In 2016, she landed the role of Lea in Patricia Ione Lloyd's Pretty Hunger. Lea, a 7-year-old biracial girl who idolizes famed actor Bette Davis and is being raised by her white mother. Two years later, in Jonathan Payne's The Revolving Cycles Truly and Steadily Roll'd, Young played 17-year-old Karma, the only person who searches for her missing foster brother while navigating systemic oppression in what Payne describes as "an island isolated by poverty."

From there it was Jeff Augustin's The New Englanders, where she played "Eisa," a 17-year-old biracial girl who wrestles with being the only Black student in her high school. Before the pandemic forced an early closing of C.A. Johnson's All the Natalie Portmans, Young stepped in to the shoes of 16-year-old "Keyonna," who is on the brink of poverty and summons the Hollywood actor as her imaginary best friend.

Each of those characters were created by Black playwrights, whose works proved to be therapeutic and introspective for Young. Eisa, for example, echoes Young's experience in Gettysburg; Lea and Keyonna, and their fascination with white actresses draws parallels to Young's childhood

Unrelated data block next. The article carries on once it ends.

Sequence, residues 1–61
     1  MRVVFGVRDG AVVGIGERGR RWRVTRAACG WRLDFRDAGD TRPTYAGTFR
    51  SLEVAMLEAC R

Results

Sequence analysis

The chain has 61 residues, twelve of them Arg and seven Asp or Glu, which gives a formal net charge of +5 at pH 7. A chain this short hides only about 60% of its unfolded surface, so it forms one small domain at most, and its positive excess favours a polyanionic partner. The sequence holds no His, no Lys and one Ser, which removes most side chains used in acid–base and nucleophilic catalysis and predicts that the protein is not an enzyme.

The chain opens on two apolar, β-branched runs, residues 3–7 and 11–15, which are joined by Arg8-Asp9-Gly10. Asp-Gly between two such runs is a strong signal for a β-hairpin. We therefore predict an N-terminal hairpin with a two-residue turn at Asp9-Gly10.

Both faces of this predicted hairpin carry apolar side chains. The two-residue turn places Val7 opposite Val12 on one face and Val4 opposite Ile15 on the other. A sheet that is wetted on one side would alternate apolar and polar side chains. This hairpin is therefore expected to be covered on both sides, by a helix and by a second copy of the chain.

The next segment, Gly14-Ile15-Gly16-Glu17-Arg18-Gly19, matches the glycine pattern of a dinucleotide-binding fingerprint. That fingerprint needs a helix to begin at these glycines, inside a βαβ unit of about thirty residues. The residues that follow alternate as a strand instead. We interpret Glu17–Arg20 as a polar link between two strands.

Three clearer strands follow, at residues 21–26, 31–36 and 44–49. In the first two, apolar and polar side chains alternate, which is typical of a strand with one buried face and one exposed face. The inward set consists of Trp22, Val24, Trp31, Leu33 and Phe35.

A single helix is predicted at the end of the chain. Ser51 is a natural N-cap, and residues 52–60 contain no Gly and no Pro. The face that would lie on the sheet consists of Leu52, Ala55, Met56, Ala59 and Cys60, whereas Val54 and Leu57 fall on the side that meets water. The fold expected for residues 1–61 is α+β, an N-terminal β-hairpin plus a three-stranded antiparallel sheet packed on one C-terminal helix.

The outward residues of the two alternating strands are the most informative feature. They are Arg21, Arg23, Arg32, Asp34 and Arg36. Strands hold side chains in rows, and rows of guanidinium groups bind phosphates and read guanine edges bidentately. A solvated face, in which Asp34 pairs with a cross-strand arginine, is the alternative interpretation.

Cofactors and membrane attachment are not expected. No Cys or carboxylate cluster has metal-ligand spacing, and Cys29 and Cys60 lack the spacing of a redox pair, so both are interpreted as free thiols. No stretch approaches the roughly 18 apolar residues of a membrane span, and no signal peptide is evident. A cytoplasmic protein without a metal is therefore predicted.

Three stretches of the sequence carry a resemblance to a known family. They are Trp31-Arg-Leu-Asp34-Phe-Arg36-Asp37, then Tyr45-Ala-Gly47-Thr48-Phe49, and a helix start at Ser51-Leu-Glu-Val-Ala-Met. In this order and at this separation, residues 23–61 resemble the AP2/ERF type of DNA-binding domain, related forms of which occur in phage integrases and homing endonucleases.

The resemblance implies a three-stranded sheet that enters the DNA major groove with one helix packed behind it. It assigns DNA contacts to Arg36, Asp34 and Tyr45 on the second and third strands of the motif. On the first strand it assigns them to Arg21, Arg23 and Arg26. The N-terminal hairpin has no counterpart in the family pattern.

"[Those roles] allowed me to go inside myself and understand the younger part of me and how what I was consuming – via television and media – was not good for my spirit," she says. "The work cleanse, teaches and liberates me."

Uzo Aduba, Kara Young, Ron Cephas Jones, Edmund Donovan, and Reza Salazar starred in the Broadway debut of Lynn Nottage's Clyde's at the Helen Hayes Theater.
(© Joan Marcus)

The Reeducation and Broadway Debut

Young says playing Lea, Karma, Eisa, and Keyonna has taught her about Black humanity and the socioeconomic injustices that are the face of American trauma more than any textbook could.

That education continued when she made her Broadway debut late last year. She played Letitia in Lynn Nottage's Clyde's. Letitia, a short-order cook at a truck stop sandwich shop, is a formerly incarcerated mother who served time for stealing seizure medication for her daughter. She, along with her formerly incarcerated co-workers, puts pressure on herself to make the perfect sandwich.

"All Letitia is trying to do is not fail, but yet everything is failing her," Young says, noting that Letitia's incarceration exposes America's broken healthcare system and systemic racism. "I still think about her journey to work each day; think about these gas prices going up, and people can't even get to work to feed their kids."

Young says she constantly has revelations about the plays she's had the honor to be a part of. She credits the playwrights and their stories for shaping how she sees the world and says they have inspired her to embark on her on journey to start writing. She is now working on a short film about "two people who have nothing, but yet have everything, together."

"Black storytellers are pivotal to shifting consciousness for humanity," Young says. "Being a storyteller has been a spiritual education and a journey for my liberation."